Millions of us suffer in this way. We yearn for wholeness and accomplishment.  I have had plenty of that in my life: two wonderful children, a happy marriage, many old friends, respect in the Buddhist world, writing published, music recorded, and so on. Despite repeated admonitions about “gaining mind,” the suffering of depression simultaneously suggests the dream of self-fulfillment and the impossibility of that dream.

I don’t usually talk about my depression.  Nor do most people who suffer this way, whether or not they are Buddhists.  For Buddhist practitioners all those hours and weeks and years of meditation are supposed to lead to happiness and equanimity. Depression feels like a kind of failure.  To admit depression is to suggest that Buddhist practice doesn’t always “work.”  Recently someone in my community said: “You’re the last person I’d think of as depressed.”  I have become skilled at keeping it hidden.


 Consider a bright young man in his late twenties, well-educated and physically healthy.  His mother died when he was an infant. For most of his life he had not left his family’s house.  He had all the advantages of a privileged background — good clothes, delicious food, doting servants.  He married a beautiful young woman from a similar background, and became the father of a son.  But all of this seemed empty to him.  He found no happiness. So he left his comfortable home, his wife and son and friends, without any particular goal beyond relieving himself of the fatalistic gloom that settled over him like a cloud. For six years he tried every meditation technology and trendy diet available. At last he sat down under a tree, determined to wake.  There he encountered great sensual temptations. But he gave up, let go, and everything turned out right.

This is the early life of Shakyamuni Buddha. It is an inspiring story, but one can hear it as the description of someone suffering from chronic depression. I am not a prince, there are some parallels with my own life, growing up with privilege in a prosperous suburb.  By all accounts, the Buddha’s suffering fell away when he awakened under the bodhi tree.  Did he really arrive at a place where he was always happy, never anxious?  That is what we are asked to believe, but I wonder?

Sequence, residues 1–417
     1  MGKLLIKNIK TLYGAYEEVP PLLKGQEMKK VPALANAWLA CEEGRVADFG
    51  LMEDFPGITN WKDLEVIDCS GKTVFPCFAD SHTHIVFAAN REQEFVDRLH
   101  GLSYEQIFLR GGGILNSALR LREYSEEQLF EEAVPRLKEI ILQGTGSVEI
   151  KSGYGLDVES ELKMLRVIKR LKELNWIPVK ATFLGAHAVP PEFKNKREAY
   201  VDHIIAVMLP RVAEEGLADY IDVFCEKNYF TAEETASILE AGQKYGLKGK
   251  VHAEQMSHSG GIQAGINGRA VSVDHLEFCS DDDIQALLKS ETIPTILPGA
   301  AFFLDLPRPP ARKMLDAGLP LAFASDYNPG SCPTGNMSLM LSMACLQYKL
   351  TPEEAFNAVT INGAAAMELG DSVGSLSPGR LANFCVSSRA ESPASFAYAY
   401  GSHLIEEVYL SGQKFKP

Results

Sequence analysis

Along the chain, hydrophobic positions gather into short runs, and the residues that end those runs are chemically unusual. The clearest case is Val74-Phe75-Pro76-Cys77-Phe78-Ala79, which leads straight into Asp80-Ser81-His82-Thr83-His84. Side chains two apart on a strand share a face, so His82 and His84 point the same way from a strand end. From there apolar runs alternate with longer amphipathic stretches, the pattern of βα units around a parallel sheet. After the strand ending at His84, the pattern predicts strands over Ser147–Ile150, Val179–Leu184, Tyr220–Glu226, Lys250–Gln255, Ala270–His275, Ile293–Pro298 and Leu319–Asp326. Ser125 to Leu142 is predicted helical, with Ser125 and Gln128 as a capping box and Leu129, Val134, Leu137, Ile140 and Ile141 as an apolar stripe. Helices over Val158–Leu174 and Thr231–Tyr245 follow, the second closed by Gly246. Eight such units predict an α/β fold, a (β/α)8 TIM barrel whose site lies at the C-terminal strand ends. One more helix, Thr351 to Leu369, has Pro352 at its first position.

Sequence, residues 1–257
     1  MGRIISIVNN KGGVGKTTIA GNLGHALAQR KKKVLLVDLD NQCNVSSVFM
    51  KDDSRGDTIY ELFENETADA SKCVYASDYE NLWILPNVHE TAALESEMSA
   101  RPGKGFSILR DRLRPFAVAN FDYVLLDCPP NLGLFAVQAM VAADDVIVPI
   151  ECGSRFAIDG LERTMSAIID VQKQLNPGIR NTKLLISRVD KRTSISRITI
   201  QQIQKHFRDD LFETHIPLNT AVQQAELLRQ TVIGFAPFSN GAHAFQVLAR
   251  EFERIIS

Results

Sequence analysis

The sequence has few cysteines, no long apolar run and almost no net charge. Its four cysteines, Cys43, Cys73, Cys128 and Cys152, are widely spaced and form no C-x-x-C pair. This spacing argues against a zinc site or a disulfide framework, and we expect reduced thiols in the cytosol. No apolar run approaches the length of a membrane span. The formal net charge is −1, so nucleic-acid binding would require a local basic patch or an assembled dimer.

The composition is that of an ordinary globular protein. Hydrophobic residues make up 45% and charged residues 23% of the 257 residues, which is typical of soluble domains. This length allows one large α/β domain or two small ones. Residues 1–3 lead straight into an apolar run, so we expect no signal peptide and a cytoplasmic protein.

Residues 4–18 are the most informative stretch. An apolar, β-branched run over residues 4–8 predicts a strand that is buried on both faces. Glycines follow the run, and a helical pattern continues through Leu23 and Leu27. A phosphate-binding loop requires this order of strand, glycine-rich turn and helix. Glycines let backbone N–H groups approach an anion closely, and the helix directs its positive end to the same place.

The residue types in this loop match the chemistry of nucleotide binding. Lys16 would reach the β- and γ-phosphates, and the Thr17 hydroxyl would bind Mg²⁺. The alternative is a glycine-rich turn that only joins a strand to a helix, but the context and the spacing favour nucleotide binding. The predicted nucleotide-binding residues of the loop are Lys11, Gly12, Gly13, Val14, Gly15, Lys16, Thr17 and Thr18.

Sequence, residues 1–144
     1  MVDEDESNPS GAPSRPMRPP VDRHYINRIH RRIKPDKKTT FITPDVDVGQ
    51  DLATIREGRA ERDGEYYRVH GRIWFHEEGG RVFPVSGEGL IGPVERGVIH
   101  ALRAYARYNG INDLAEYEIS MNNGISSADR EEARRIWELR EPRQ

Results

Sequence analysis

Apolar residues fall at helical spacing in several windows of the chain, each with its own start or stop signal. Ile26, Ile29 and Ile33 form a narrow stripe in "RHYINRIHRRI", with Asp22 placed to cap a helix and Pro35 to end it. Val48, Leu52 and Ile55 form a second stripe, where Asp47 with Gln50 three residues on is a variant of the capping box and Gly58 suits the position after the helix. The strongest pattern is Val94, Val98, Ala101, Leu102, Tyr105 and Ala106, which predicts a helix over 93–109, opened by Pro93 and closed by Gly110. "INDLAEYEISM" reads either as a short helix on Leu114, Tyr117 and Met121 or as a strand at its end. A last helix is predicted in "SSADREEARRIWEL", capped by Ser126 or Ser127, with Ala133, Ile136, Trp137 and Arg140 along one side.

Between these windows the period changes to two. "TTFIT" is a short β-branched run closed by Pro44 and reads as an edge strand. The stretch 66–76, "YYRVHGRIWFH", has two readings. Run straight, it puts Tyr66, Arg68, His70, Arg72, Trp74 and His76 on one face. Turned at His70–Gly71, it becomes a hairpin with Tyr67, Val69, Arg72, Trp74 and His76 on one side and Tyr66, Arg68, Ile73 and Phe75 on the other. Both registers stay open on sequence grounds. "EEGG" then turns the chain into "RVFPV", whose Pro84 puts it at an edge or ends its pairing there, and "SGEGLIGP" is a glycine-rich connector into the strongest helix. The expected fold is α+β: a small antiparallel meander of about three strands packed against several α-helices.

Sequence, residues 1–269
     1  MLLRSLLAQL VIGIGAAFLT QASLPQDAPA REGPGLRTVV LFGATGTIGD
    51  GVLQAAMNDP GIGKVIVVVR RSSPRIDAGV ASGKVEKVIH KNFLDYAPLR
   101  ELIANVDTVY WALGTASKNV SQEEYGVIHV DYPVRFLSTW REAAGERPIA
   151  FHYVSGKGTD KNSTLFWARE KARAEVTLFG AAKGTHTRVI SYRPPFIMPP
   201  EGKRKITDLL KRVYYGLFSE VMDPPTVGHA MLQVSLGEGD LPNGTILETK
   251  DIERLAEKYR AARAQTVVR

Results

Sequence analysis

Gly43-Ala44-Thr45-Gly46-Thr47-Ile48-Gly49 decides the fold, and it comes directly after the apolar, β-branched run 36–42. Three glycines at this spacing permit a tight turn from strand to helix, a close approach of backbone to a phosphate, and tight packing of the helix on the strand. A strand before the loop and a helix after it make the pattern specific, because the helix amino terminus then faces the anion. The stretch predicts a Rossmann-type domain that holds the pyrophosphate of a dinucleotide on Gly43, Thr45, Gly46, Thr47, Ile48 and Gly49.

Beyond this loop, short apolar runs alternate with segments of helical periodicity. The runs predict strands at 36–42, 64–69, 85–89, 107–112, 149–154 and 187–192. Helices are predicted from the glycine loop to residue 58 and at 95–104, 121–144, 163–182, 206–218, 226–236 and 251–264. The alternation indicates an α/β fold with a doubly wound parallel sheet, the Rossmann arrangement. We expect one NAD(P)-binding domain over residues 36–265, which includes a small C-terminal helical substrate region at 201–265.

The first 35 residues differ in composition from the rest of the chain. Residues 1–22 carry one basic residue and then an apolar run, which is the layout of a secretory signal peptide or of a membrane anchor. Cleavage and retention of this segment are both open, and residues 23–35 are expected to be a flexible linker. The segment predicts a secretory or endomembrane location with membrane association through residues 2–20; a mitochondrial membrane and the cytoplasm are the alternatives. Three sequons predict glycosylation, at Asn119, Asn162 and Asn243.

As for me, after nearly thirty years of meditation, I haven’t seen cosmic light shows or transcendental visions of reality. I don’t claim enlightenment. This is not to say I do not feel changed or even free at times.  Freedom is momentary.  I appreciate it for what it is. I just don’t stay there, and that is okay with me.    That’s a loaded word — “stay.”  In terms of the law of anicca or impermanence, one does not stay anywhere.  But I digress.

What I mean to say is that given my propensity towards depression — biochemical, hereditary, or karmic — the settledness of meditation, the sense of relief in simply sitting down, may be as good as it gets for me.  There is a phrase I love from the 13th century Zen Master Dogen: “When Dharma fills your body and mind, you realize that something is missing.” The very incompleteness of our being, actions, aspirations is a manifestation of Buddhanature itself. Everything is broken.  No regrets.


 Over the years I have tried various ways to “deal with” (that means get rid of) depression.  I have done talk therapy and acupuncture.  I’ve sampled organic remedies like St. John’s Wort, SAM-e, homeopathy, and Vitamin D.  I have been on and off a modest dose of Prozac.  Actually Prozac seemed to work for a while.  When I began to take it, twenty years ago — on the advice of my therapist — it was as if a dark cloud that had always circled my head just disappeared.  It was a great relief.  But the relief seemed to be only temporary.

So, I return to what I trust, meditation — and to that other reliable remedy: friendship. Actually, the two are not unrelated.  Meditation is not a cure, but if I can sit down in a quiet space and follow my breath, the weight of depression lifts while I am sitting. If sitting is not possible, I take a long walk. Either way I have bridged the internal disconnect; I am, for this time, friendly towards myself.

The power of friendship multiplies when extended beyond oneself. I recall E. M. Forster’s famous epigraph to Howard’s End: “Only connect…” In the darkest moments, when I feel least able to do so, I know this is necessary and true.  So I leave my room and seek a friend.  In depression, friendship is an alkahest, the alchemist’s universal solvent that brings forth light and energy.  It’s the best remedy.

Depression has its own gift: the ability to identify with people in pain. Their suffering is something I understand. In my life as a Zen priest I talk to people all the time. I can’t count the number of people who have told me about depression and the pain of isolation and loneliness. I am moved by their honesty and their predicament. They suffer as I have suffered; I am like them.


 I was about thirteen when I became aware of depression. Fifty years ago. My parents were in the midst of a difficult divorce.  I had just completed my bar mitzvah, a ritual that had been drained of all meaning by five dreadful years of compulsory Hebrew school. Then my mother kept the all the cash from my bar mitzvah gifts to pay for the reception.  Times could be hard even in the suburbs.